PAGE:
Influence is one of those words that can be very confusing to a non-native English speaker. It can be used in a lot of contexts, and as different parts of speech. “I was influenced to vote No on Prop 30 by that scary commercial;” or “The teacher’s influence over his students waned after he tore his ACL walking to the chalkboard.” But the most ephemeral, and probably most important way, is to say something like “She is a woman of influence,” which means, what she says goes, and what she does people imitate.
In other words, in this sense, “influence” is the same as “power,” the ability to get things done. It is a mysterious quality that’s fairly hard to define. And, for most of us, it’s something that we don’t have. Sure, in certain spheres, we can influence things, but those are narrow and restricted. It’s much harder for us to exert our influence outside of these limited areas. We have some impact on elections, and some impact on stores based on our shopping habits, but it takes a lot of people to move something in one direction, or another. Your direct impact could be almost immeasurable.
It seems like it is changing though. As the $2.3 million Series AA investment in San Francisco’s getfeedback.com showed, companies are more and more concerned with trying to decipher the exact needs and wants of their consumers. They want to know how their experience was, and how to improve it. It is the kind of immediate impact that so many people wanted, and one that could shift the relationship between store and consumer.
Not quite a one-way street, but not far off
The very nature of capitalism is, in theory, that the market will always correct itself and that a shoddy product or service will fall by the wayside. A perfect meritocracy. We know that’s not the case a lot of the time. A need filled poorly is still better than a vacuum. How many times have you been to a store, looked around at terrible merchandise, sullen staff, and blinking fluorescent lights and wondered how it was still open? Well, because you needed a hoodie, and this place was close and cheap. In this way, not only does the market not correct itself, but the owners see little reason to change. They can eke out a living by being convenient. They influenced how you shopped; you had little influence over their day-to-day operations.
However, what if they wanted to develop, but just didn’t know how. How does a business connect with their consumers, and ward off the entropy of stagnation? Nobody fills out cards anymore. Those are not fast enough, and even if they do fill them out, they aren’t comprehensive. That’s what every business needs to figure out how to engage an audience in feedback in a way that isn’t inconvenient for them, but that still provides enough data to be meaningful?
Getting the right kind of feedback
This isn’t just a question for our hypothetical terrible store. It’s an important one for any business. No company can afford to rest on their laurels when you have sites like Yelp! ready to take them down a peg. Just reading review sites won’t do much for you, because people who review things, as important as they are, are also a very self-selecting group.
There needs to be more feedback in order to understand the experience fully from a consumer’s point of view. That’s where getfeedback.com comes in. It has created a multi-platform user experience suite of applications that works on all sorts of mobile devices and offers its clients the tools to figure out exactly what is important for their business and their customers.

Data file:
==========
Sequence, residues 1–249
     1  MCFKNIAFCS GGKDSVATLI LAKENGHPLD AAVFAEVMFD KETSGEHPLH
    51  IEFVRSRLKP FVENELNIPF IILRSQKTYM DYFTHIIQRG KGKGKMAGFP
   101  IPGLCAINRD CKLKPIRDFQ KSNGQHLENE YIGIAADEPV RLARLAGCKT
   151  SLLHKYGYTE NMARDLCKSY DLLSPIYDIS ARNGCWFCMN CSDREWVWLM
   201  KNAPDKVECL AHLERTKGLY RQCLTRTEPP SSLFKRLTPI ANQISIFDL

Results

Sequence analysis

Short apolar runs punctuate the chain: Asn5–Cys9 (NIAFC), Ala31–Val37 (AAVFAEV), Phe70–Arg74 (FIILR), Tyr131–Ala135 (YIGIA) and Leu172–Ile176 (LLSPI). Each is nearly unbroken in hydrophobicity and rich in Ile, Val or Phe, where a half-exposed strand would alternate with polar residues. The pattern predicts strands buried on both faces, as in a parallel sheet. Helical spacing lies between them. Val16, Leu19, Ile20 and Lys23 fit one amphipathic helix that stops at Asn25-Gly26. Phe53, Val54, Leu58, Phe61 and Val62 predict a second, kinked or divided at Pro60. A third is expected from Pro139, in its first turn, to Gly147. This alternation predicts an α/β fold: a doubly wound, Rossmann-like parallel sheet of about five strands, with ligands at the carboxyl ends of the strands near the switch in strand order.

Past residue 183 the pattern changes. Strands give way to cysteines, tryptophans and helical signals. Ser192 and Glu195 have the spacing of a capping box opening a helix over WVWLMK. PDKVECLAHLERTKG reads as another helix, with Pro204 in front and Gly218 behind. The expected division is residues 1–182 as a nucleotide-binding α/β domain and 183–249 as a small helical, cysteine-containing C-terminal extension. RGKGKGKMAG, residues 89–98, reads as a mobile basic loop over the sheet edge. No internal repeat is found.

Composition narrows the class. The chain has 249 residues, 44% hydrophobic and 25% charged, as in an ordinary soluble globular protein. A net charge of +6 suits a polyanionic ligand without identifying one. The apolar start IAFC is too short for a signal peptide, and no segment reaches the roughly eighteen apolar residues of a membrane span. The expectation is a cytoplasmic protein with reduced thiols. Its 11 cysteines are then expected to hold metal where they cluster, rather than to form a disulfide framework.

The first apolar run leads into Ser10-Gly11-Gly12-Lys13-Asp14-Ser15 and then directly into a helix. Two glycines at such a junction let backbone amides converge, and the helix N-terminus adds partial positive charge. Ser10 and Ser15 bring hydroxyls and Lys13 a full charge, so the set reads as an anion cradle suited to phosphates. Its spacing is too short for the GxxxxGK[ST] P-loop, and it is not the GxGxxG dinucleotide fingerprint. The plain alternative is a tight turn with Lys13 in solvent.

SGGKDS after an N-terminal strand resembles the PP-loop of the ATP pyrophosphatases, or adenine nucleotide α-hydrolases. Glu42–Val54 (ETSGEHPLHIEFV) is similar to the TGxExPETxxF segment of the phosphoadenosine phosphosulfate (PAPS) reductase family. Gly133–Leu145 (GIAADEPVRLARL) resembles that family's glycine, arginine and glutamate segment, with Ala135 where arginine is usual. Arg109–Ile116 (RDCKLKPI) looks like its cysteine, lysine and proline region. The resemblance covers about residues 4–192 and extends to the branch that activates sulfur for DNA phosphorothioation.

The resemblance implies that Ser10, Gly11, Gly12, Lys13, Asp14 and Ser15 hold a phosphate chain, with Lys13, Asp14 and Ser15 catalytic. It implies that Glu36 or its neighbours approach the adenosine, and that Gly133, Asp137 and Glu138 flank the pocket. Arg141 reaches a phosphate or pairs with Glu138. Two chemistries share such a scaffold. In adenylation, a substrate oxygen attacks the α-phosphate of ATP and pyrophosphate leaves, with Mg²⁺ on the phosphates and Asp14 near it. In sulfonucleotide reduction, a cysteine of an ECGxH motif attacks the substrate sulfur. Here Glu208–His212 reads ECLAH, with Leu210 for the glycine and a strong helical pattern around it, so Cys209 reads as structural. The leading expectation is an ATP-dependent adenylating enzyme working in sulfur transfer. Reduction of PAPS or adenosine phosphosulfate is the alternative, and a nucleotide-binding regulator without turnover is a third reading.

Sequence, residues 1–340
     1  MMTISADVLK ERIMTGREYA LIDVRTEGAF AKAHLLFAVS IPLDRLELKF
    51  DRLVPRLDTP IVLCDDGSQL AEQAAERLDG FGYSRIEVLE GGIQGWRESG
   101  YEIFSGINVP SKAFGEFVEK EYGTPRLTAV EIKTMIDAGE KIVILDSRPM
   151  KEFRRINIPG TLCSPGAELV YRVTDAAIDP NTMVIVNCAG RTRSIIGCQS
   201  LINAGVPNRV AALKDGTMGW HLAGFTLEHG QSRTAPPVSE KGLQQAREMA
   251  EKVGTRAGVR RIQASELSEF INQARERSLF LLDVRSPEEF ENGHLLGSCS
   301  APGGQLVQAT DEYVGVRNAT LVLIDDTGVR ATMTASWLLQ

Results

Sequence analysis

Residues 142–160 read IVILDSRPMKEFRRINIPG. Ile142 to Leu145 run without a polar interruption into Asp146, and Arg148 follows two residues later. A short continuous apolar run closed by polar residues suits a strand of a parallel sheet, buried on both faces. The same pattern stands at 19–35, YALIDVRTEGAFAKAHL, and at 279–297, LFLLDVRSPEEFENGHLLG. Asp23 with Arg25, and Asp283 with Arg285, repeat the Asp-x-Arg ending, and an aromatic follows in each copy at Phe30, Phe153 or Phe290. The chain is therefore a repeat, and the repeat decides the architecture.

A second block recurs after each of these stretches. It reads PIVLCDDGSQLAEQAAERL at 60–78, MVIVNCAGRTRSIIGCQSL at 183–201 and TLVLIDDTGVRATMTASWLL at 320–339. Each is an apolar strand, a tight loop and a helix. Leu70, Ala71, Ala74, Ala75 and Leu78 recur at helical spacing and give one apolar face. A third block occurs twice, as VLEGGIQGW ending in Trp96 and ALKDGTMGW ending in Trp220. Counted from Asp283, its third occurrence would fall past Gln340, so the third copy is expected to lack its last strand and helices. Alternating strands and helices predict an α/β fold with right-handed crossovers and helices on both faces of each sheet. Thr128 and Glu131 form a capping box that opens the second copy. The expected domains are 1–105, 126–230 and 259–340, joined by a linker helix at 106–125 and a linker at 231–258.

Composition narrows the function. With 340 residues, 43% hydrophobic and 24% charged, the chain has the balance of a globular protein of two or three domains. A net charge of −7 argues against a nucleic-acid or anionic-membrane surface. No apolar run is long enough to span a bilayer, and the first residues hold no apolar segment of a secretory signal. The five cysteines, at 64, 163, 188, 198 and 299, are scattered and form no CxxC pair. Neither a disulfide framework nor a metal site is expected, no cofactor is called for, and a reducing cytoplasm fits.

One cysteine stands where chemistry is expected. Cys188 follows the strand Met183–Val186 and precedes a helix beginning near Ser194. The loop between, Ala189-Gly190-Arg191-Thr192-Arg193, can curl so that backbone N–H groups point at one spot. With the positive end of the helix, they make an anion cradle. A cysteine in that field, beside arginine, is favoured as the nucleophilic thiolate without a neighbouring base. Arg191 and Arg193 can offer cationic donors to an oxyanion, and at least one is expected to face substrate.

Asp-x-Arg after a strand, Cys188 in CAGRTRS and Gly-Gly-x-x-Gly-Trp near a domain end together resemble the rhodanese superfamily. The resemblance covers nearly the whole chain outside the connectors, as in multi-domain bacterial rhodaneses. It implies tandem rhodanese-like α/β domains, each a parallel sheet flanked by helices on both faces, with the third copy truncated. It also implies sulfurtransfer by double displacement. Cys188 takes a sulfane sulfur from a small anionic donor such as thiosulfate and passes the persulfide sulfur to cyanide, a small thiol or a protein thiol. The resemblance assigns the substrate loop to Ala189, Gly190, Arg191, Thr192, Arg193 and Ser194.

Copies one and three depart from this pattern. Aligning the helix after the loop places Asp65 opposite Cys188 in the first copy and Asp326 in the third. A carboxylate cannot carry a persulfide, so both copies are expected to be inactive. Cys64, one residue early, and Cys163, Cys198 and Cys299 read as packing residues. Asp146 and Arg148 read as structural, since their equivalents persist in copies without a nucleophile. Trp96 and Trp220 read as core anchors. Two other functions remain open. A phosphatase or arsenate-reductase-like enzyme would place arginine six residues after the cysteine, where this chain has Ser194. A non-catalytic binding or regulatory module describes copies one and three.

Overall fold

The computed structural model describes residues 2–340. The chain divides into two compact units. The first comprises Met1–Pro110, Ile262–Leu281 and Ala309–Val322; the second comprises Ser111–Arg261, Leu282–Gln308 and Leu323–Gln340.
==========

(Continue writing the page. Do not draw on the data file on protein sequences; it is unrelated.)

The biggest difference between an old-style survey, even online ones, and one that takes advantage of the power of mobile technology, and is designed with both the client and their customers in mind, is that it doesn’t just allow for reactive responses, but predictive ones. If you are at a clothing store, and buy a suit, an older type of survey might have asked you how the suit-buying experience was and if you are happy with it. If it was really elaborate, it might ask if you planned to buy a suit in the future. That was all well and good, but doesn’t give enough information to be all that useful.
A better survey doesn’t just ask if you intend to buy a suit in the future, but gives you images of dozens of kinds of suits, asking which ones you really like. It can ask “If you hadn’t bought the suit you bought, which of these would you be interested in?” A hotel with a few different choices of what to eat can ask you to rank your choices.
The impact of this can be huge. Say a type of suit, to stick with clothes, isn’t selling at all. When using a more interactive customer satisfaction and response application, the business finds out that the suit they thought wasn’t selling was almost everyone’s second-favorite choice. Instead of discontinuing it and taking a loss, they can tweak it a little, or play with the price, or even just its position in the department. This kind of focused data can help your company figure out what to do with more precision.
The nature of influence
That’s why we seem to be entering a new era of consumer influence. Companies are competing with each other to get your insight, and are eager to pay innovative companies like Getfeedback to help them craft interactive and progressive surveys just to find out what you think about their salad bar. The old cliche was that consumers could vote with their pocketbook, but your individual pocketbook barely made a difference. Now, you can generate the kind of precise feedback that can change the way a business does business. Your voice is not just limited to “Rate Satisfaction 1-5,” just one penciled-in card among thousands. Thanks to the immediate power of mobile technology, you have the kind of influence you always knew you should.